Another advantage of piggyback mortgages is that they can be more convenient than other types of loans. This is because you’re essentially taking out two loans at the same time. So you won’t have to go through the mortgage process twice, because this is a sort of 2-in-1 situation.
The Cons of Piggyback Mortgage Loans
As with any other loan, there are certain drawbacks to consider before making the final decision. It’s never all roses and butterflies with mortgages. So, here are some key things to take into account before deciding.
Paying Closing Costs for Both Loans
One downside of piggyback loans is that you’ll have to pay closing costs for both loans. This can add up to a lot of money, so it’s something to keep in mind.
The Second Mortgage Could Have a Higher Interest Rate
Another potential downside of piggyback loans is that the interest rate on the second mortgage could be higher than the interest rate on the first mortgage. This is because you’re essentially taking out two loans, so the lender is taking on more risk. If you’re worried about getting a good interest rate, it’s a good idea to shop around and compare rates from different lenders.
Having Two Mortgage Payments
Another drawback of piggyback loans is that you’ll have two mortgage payments to make each month. This can be a lot to keep up with, especially if you have other debts. So, you’ll need to make sure that you can afford the monthly payments before taking out a piggyback loan.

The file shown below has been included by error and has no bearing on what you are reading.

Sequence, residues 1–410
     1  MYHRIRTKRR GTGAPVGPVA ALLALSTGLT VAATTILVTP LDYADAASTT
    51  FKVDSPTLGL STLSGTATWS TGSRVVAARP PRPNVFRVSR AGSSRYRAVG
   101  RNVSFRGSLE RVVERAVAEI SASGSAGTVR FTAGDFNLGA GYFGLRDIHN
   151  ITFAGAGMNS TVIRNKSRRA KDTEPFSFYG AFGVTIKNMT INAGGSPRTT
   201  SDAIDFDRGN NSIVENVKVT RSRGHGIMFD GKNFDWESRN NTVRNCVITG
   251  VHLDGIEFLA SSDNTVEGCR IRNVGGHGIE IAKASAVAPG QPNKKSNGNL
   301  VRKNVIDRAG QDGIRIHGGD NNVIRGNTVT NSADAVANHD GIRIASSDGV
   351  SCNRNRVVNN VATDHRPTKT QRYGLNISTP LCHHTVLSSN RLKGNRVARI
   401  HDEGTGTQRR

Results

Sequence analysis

Issues if You Want to Refinance
One final downside of piggyback loans is that you may have some issues if you want to refinance in the future. One option is to refinance your first mortgage, without touching the second one. However, this is only possible if your second lien approves of that. Otherwise, you might have to pay off the second loan in its entirety to be able to refinance your loan.
How to Apply
Now that you know the pros and cons of piggyback loans, you may be wondering how to apply for one. The process is similar to applying for any other mortgage loan.
- You’ll need to submit an application, including information about your income, employment, and assets. The lender will also pull your credit report.
- Once your application is approved, you’ll need to go through the underwriting process. This is when the lender will verify your income and employment, as well as your credit score and debt-to-income ratio. They’ll also look at the property you’re looking to purchase to make sure it meets their guidelines.
- Once you’re approved, you’ll need to sign a loan agreement and closing documents. Then, you’ll be ready to close on your home.
Should You Get a Piggyback Mortgage?
Now that you have all the information, it should be easier to decide whether this is something that works for you or not. Everyone’s situation is different, so you need to consider your circumstances, needs and preferences.
Piggyback mortgage loans can be a great option for homebuyers who want to avoid PMI or who want to buy a home with a lower down payment. But, there are also some potential disadvantages to be aware of. So, make sure you understand both the pros and cons before you decide if a piggyback loan is right for you.